‘Trent City’: Are Nottingham and Derby about to unite?

Could Nottingham and Derby one day become a twin city.

A new strategy which will bring Nottingham and Derby together has been launched nine months after a bid for regional devolution faltered.

In a consultation by Nottingham and Derby City Councils, three quarters of people agreed both cities would benefit from working together more closely – leading to the Derby-Nottingham Metro Strategy 2030.

Originally called the ‘Metropolitan Strategy’, the Derby-Nottingham Metro Strategy, is designed to give a better economic future for the two Midlands cities – but both councils say it is not a replacement for devolution.

It comes after a combined bid to the Government for great powers for Derbyshire and Notts fell flat last year.

Bus travellers will benefit from the new strategy, with cheaper fares being offered to encourage people to attend top summer attractions in each city.

A £1 saving on any Trentbarton route for people going to selected events marks the formal launch of the Metro Strategy, strengthening co-operation between the two cities.

The strategy sets out a vision of what Derby and Nottingham City Councils want the area to look like by 2030:

  • Enterprise – promoting Derby and Nottingham world-wide, supporting businesses to innovate and find new markets
  • Talent – ensuring a suitably skilled workforce through education and training
  • Connectivity – improving accessibility through better transport links
  • City Living – supporting a modern urban lifestyle and vibrant city centres through leisure, culture and sport

The combined urban area of the two cities is one of the top 30 population centres in Europe and home to more than one million people – more than 40,000 of them regularly commute between Derby and Nottingham.

Steve Spear, former employee of Nottingham City Council as Director of Strategy and Commissioning for Nottingham Crime and Drugs Partnership,  says the two cities should unite as ‘A New Unitary Authority of Nottingham and Derby’ called ‘Trent City’.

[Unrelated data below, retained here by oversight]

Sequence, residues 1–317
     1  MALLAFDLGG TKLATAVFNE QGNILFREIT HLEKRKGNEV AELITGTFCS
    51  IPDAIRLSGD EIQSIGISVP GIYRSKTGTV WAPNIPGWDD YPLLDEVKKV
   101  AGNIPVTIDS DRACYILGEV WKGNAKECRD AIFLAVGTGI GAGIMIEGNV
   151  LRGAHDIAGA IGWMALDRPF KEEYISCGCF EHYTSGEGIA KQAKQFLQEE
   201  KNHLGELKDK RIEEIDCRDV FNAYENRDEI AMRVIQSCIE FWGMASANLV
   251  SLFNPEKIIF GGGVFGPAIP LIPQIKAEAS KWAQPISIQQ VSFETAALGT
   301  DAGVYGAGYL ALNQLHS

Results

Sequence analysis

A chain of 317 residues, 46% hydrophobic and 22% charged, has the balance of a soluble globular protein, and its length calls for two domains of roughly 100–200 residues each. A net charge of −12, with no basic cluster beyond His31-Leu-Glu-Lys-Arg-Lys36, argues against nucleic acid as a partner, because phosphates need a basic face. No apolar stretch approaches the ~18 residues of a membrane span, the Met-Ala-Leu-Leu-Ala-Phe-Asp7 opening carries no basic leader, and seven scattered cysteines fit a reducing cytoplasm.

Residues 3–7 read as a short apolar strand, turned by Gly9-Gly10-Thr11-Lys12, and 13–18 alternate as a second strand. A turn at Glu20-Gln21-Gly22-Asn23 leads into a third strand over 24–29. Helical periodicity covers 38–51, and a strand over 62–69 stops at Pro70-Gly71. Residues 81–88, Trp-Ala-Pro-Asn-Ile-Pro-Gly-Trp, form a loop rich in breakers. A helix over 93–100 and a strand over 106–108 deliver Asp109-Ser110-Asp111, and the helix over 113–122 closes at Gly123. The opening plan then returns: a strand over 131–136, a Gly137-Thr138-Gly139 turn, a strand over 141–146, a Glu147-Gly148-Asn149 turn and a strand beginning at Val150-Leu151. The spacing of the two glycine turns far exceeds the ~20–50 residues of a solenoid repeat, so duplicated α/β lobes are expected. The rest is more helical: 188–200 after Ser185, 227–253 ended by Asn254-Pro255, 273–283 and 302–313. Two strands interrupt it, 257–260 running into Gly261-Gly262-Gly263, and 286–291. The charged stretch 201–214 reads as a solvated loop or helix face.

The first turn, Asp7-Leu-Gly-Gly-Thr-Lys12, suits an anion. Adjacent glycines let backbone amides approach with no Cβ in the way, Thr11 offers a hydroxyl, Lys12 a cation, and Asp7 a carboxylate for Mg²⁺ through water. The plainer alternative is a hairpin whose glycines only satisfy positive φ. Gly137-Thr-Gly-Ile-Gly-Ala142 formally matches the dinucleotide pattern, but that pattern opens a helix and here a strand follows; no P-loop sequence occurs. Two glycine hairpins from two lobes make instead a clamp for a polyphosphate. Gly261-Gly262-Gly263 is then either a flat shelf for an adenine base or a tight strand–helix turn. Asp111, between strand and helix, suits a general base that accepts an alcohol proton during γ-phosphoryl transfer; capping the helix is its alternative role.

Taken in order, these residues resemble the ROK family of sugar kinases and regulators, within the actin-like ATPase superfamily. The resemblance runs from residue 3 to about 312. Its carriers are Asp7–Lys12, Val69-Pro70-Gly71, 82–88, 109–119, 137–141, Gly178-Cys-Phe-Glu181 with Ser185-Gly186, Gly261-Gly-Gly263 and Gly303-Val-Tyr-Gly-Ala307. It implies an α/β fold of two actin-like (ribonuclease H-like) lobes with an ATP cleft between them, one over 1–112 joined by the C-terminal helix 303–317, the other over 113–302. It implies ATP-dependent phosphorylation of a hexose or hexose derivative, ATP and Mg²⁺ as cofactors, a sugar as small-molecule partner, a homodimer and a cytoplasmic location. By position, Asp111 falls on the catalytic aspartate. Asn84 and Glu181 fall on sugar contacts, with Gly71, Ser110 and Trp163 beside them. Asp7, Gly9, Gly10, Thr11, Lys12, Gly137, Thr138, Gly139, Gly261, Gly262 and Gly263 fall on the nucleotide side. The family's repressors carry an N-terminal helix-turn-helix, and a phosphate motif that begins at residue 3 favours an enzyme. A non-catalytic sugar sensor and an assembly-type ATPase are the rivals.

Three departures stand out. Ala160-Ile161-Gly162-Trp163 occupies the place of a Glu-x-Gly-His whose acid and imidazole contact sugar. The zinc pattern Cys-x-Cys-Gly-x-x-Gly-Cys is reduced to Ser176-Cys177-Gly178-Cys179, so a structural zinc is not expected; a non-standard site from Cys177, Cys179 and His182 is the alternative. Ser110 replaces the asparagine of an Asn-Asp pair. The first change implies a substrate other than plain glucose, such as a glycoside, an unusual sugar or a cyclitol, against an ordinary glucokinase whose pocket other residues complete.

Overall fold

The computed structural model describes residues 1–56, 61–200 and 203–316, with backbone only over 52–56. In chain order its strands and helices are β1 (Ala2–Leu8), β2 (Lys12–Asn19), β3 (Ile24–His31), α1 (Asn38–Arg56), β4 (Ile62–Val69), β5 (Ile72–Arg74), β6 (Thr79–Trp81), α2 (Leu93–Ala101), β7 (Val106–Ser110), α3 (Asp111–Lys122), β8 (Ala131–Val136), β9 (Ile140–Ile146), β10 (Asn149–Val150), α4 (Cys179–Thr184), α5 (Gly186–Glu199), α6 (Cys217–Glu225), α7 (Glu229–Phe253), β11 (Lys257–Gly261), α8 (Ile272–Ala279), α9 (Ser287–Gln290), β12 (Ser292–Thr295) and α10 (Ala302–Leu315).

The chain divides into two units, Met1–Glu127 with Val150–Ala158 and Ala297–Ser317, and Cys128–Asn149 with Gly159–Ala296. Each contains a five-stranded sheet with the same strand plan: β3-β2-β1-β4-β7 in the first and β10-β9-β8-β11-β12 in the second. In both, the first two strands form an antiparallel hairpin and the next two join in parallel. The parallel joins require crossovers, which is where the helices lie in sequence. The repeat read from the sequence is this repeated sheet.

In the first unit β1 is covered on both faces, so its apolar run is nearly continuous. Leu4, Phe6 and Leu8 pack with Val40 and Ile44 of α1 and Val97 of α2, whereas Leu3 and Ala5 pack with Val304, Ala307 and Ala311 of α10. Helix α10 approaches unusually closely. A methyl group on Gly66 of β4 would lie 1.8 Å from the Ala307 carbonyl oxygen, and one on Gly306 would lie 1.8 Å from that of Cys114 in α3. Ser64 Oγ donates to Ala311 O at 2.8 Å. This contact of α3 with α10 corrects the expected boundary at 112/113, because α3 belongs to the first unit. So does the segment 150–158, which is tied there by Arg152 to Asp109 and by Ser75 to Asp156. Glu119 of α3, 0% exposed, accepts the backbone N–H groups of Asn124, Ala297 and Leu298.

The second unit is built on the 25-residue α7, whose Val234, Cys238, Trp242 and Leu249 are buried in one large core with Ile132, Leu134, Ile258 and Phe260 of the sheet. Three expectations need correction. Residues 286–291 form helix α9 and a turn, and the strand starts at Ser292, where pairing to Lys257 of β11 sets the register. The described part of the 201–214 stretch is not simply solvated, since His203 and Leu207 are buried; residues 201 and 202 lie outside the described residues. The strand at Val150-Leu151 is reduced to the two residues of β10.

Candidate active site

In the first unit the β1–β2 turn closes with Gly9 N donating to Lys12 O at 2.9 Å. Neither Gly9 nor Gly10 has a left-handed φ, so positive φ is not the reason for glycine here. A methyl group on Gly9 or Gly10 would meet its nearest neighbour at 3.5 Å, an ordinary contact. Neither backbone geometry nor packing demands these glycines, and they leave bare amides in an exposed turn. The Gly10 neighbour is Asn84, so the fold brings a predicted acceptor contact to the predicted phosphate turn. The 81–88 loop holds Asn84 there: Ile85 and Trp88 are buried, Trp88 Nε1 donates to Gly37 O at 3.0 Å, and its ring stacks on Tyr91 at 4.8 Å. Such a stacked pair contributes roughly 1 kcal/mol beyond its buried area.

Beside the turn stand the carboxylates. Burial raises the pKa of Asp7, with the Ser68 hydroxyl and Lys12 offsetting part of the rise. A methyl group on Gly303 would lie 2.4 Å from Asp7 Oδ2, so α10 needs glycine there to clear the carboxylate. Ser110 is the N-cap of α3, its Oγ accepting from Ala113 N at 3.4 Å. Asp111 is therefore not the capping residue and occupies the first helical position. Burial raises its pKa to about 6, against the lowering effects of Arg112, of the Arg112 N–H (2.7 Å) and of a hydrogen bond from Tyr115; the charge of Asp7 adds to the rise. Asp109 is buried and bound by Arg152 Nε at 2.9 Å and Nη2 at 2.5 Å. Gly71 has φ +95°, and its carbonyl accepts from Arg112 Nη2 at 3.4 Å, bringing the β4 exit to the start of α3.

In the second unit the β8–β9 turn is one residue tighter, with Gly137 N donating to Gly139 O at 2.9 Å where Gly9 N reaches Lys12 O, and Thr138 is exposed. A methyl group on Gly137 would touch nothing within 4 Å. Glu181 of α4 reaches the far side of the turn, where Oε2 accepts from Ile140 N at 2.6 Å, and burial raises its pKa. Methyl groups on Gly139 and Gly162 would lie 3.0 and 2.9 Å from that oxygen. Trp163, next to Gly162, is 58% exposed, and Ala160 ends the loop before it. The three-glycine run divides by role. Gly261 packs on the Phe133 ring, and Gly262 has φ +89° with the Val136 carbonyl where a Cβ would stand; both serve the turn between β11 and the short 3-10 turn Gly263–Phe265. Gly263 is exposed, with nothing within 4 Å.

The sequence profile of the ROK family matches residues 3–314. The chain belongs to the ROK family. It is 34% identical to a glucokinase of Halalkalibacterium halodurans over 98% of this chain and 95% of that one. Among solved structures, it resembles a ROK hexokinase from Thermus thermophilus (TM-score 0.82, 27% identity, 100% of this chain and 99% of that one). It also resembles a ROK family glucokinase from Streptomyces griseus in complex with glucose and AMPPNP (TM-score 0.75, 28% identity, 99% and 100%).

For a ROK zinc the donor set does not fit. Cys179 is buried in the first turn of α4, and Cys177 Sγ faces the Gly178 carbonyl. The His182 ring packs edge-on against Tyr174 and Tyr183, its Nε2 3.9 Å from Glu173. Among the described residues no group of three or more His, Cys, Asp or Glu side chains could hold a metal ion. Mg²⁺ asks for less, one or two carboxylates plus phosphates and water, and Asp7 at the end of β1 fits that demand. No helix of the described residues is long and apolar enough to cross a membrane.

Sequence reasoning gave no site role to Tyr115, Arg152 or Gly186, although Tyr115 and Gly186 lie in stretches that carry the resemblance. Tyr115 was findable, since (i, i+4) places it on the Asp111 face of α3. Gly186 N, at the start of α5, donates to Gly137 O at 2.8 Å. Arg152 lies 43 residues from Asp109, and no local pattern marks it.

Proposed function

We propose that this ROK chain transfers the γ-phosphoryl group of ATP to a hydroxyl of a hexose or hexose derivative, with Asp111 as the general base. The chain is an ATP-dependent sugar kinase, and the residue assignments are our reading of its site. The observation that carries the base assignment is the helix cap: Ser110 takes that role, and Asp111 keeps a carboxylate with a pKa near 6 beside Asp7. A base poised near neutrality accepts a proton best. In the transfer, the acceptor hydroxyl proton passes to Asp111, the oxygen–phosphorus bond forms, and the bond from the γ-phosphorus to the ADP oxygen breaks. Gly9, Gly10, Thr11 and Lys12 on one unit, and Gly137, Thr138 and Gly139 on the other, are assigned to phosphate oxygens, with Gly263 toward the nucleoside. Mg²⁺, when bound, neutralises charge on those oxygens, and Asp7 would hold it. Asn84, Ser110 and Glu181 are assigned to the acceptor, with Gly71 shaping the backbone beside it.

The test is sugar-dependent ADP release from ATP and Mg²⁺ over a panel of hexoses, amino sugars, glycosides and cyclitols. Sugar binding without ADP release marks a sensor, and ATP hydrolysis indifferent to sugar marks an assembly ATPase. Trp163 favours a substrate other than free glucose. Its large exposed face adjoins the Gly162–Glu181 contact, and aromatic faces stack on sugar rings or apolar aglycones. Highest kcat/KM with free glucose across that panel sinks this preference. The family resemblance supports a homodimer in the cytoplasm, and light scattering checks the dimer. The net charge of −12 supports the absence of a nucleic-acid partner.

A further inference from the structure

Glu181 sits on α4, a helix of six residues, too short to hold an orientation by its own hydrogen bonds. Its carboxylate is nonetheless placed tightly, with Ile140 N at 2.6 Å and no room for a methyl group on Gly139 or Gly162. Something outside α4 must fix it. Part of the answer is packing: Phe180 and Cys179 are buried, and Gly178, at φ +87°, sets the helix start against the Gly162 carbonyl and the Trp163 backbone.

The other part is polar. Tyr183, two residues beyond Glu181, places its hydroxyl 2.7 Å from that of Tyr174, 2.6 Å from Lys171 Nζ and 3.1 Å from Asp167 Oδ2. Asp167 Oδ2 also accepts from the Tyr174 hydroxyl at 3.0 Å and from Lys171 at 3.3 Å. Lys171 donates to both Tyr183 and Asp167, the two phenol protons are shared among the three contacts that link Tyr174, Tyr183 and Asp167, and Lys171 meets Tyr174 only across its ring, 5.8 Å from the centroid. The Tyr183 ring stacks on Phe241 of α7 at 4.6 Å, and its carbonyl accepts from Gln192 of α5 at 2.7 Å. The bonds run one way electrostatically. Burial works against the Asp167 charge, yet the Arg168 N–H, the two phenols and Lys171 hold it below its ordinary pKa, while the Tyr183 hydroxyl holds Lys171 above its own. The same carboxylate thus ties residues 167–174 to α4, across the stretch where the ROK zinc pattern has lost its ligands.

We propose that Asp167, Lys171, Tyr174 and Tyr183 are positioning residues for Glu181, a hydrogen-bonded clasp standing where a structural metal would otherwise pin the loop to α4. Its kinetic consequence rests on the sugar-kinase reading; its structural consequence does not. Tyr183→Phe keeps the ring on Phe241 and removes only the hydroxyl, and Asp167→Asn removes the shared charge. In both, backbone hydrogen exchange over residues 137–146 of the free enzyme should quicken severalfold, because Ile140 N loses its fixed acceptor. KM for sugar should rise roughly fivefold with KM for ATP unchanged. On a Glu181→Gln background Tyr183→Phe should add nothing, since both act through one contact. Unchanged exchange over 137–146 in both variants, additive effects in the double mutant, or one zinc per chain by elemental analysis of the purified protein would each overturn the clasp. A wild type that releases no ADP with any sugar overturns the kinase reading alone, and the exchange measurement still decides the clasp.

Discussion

“Working together will make Nottingham and Derby much stronger, and a much stronger presence in both national and world markets – they’ll be able to sell themselves much better as two cities working together, than two cities working apart,” he said.

“The Derby-Nottingham Metro Strategy 2030 is a good first step in terms of working together and a necessary one as well, they need to show each other that they can work together.

“The more the two cities work together and the advantages can be seen, then more and more people will see it as an advantage for the area – both areas have so much to offer we need to bring it together.

Steve, who lives in Derbyshire, added: “In reality what we need is a single government for both cities, that way we won’t need to have compromise from both cities, however the strategy is only an agreement between the two city councils and the problem with both cities is that they have very tight boundaries.

“They need to involve the district councils and county councils in between if they are going to make a real go at this but it is a really good first step.”

Video: Hugh Casswell reports on the demise of the devolution deal in July 2016.

Closer working as a result of the Metro Strategy is already reaping rewards; the council says it has secured strong support from the Department of International Trade for last year’s trade mission to China and the MIPIM international commercial property show.

It has also helped establish a forum to put local businesses in a strong position to take advantage of the £250 million Midlands Engine Investment Fund.

And it has won more than £13 million of Government and EU funding through joint bids for projects covering business investment, travel and the environment.

Councillor Jon Collins, Leader of Nottingham City Council, said: “The consultation clearly showed that the majority of people could see the benefits of the two cities working closely together.

“Our combined weight will enable us to strengthen our national presence and international reputation. This will be good for our cities, good for local people and good for the wider economy.”

Iconic locations around Nottingham and Derby. (Derby Pictures: Marketing Derby. Nottingham Pictures: PawełMM)

Following the strategy launch, a special advisory group is being set up to act as a sounding board for its future direction, which will be led by David Williams, Chairman of law firm Geldards, which has a presence in both cities.

Mr Williams said: “I have no hesitation in supporting this work, as it makes perfect sense for the two cities to come together.

“How effectively we work across organisations and sectors to get the most for local residents, employees and visitors will be a decisive factor in maintaining and growing our local prosperity and pride.”

The Metro offer with Trent Barton will be see discounted bus travel between Derby and Nottingham when people buy a ticket to any of the top ten summer events listed below.

  • Derby Comedy Festival – 5 – 14 May
  • Aegon Open International Men’s and Women’s Tennis, Nottingham  – 10 – 18 June
  • ICC Women’s World Cup Cricket, Derby  – 24 June – 19 July
  • Dinosaurs of China Exhibition, Nottingham – 1 July – 29 Oct
  • Derby CAMRA Summer Beer Festival – 5 – 9 July
  • Splendour Festival, Nottingham – 22 July
  • British Triathlon Mixed Relay Cup, Nottingham – 2 Sept
  • Derby Feste – 29 – 30 Sept
  • Derby Folk Festival – 6 – 8 October
  • Robin Hood Pageant, Nottingham – End of October

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